B. C.P.L.R. 302(a)(3)(ii)

Bensusan also contends that personal jurisdiction is established pursuant to C.P.L.R. 302(a)(3)(ii), which permits a court to exercise personal jurisdiction over any non-domiciliary for tortious acts committed outside the state that cause injury in the state if the non-domiciliary "expects or should reasonably expect the act to have consequences in the state and derives substantial revenue from interstate or international commerce."

As an initial matter, Bensusan does not allege that King derives substantial revenue from interstate or international commerce. Instead, it relies on arguments that King participates in interstate commerce by hiring and showcasing bands of national stature. Section 302(a)(3)(ii), however, explicitly states that substantial "revenue" is required from interstate commerce, not mere participation in it. King has submitted an affidavit stating that 99% of his patronage and revenue is derived from local residents of Columbia, Missouri (primarily students from the University of Missouri) and that most of the few out-of-state customers have either an existing or a prior connection to the area, such as graduates of the University of Missouri.

Moreover, Bensusan's allegations of foreseeability, which are based solely on the fact that King knew that Bensusan's club is located in New York, is insufficient to satisfy the requirement that a defendant "expects or should reasonably expect the act to have consequences in the state." That prong of the statute requires that a defendant make "a discernable effort ... to serve, directly or indirectly, a market in the forum state."

Finally, Bensusan's conclusory allegation of a loss in New York is nothing more that an allegation of an "indirect financial loss resulting from the fact that the injured person resides or is domiciled in New York," which is not the allegation of a "significant economic injury" required by section 302(a)(3).

Accordingly, C.P.L.R. 302(a)(3) does not authorize this Court to exercise jurisdiction over King.

Bensusan's primary argument in support of both statutory bases for personal jurisdiction is that, because defendant's Web site is accessible in New York, defendant could have foreseen that the site was able to be viewed in New York and taken steps to restrict access to his site only to users in a certain geographic region, presumably Missouri. Regardless of the technical feasibility of such a procedure, mere foreseeability of an in-state consequence and a failure to avert that consequence is not sufficient to establish personal jurisdiction.

C. Due Process

Furthermore, even if jurisdiction were proper under New York's long arm statute, asserting personal jurisdiction over King in this forum would violate the Due Process Clause of the United States Constitution. * * *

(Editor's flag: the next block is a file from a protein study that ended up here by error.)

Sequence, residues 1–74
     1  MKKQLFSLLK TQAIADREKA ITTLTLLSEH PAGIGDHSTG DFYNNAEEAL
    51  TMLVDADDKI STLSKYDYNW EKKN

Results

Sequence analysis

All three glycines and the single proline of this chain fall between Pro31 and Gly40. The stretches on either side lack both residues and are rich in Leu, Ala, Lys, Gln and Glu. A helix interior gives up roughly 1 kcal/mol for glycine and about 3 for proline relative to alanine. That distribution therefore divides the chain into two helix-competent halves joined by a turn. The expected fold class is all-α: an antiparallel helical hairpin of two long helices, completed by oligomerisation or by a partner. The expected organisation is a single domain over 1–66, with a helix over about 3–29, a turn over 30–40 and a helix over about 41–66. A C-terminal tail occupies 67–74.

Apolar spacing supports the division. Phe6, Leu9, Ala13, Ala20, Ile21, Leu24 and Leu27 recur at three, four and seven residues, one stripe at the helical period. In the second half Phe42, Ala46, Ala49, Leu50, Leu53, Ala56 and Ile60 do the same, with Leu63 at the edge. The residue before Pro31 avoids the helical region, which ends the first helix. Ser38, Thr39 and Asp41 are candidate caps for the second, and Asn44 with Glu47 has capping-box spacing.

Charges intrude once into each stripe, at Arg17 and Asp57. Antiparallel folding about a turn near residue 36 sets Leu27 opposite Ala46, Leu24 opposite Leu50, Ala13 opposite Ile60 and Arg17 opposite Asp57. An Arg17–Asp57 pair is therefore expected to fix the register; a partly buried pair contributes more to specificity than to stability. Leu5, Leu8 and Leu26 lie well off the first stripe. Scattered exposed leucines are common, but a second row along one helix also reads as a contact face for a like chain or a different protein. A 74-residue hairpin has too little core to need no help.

The following factors are relevant to this determination: "(1) whether the defendant purposefully availed himself of the benefits of the forum state; (2) whether the defendant's conduct and connection with the forum state are such that he should reasonably anticipate being haled into court there; and (3) whether the defendant carries on a continuous and systematic part of its general business within the forum state." Independent Nat'l Distributors, Inc. v. Black Rain Communications, Inc., No. 94 Civ. 8464, 1995 WL 571449, at * 5-6 (S.D.N.Y. Sept. 28, 1995)

As set forth above, King has done nothing to purposefully avail himself of the benefits of New York. King, like numerous others, simply created a Web site and permitted anyone who could find it to access it. Creating a site, like placing a product into the stream of commerce, may be felt nationwide--or even worldwide--but, without more, it is not an act purposefully directed toward the forum state. There are no allegations that King actively sought to encourage New Yorkers to access his site, or that he conducted any business--let alone a continuous and systematic part of its business--in New York. There is in fact no suggestion that King has any presence of any kind in New York other than the Web site that can be accessed worldwide. Bensusan's argument that King should have foreseen that users could access the site in New York and be confused as to the relationship of the two Blue Note clubs is insufficient to satisfy due process.

Although CompuServe Inc. v. Patterson, 89 F.3d 1257 (6th Cir. 1996), a recent decision of the United States Court of Appeals for the Sixth Circuit, reached a different result, it was based on vastly different facts. In that case, the Sixth Circuit found personal jurisdiction proper in Ohio over an Internet user from Texas who subscribed to a network service based in Ohio. The user, however, specifically targeted Ohio by subscribing to the service and entering into a separate agreement with the service to sell his software over the Internet. Furthermore, he advertised his software through the service and repeatedly sent his software to the service in Ohio. This led that court to conclude that the Internet user "reached out" from Texas to Ohio and "originated and maintained" contacts with Ohio. This action, on the other hand, contains no allegations that King in any way directed any contact to, or had any contact with, New York or intended to avail itself of any of New York's benefits.

Accordingly, the exercise of personal jurisdiction over King in this case would violate the protections of the Due Process Clause.


For the reasons set forth above, defendant's motion to dismiss the complaint pursuant to Fed.R.Civ.P. 12(b)(2) for lack of personal jurisdiction is granted and the complaint is dismissed.


United States Court of Appeals, Second Circuit. 1997
126 F.3d 25

Van Graafeiland, Circuit Judge: